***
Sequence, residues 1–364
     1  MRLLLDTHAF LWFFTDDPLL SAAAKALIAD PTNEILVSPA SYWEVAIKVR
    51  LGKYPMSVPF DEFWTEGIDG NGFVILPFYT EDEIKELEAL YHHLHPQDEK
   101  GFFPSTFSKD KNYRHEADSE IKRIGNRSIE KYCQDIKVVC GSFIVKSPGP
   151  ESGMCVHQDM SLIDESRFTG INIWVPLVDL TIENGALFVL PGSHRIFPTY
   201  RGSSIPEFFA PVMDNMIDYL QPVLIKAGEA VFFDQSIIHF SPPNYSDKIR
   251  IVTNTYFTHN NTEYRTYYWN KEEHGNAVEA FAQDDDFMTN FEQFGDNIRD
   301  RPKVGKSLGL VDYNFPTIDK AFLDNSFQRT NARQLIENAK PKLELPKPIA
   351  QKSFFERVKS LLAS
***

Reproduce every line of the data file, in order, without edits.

Sequence, residues 1–364
     1  MRLLLDTHAF LWFFTDDPLL SAAAKALIAD PTNEILVSPA SYWEVAIKVR
    51  LGKYPMSVPF DEFWTEGIDG NGFVILPFYT EDEIKELEAL YHHLHPQDEK
   101  GFFPSTFSKD KNYRHEADSE IKRIGNRSIE KYCQDIKVVC GSFIVKSPGP
   151  ESGMCVHQDM SLIDESRFTG INIWVPLVDL TIENGALFVL PGSHRIFPTY
   201  RGSSIPEFFA PVMDNMIDYL QPVLIKAGEA VFFDQSIIHF SPPNYSDKIR
   251  IVTNTYFTHN NTEYRTYYWN KEEHGNAVEA FAQDDDFMTN FEQFGDNIRD
   301  RPKVGKSLGL VDYNFPTIDK AFLDNSFQRT NARQLIENAK PKLELPKPIA
   351  QKSFFERVKS LLAS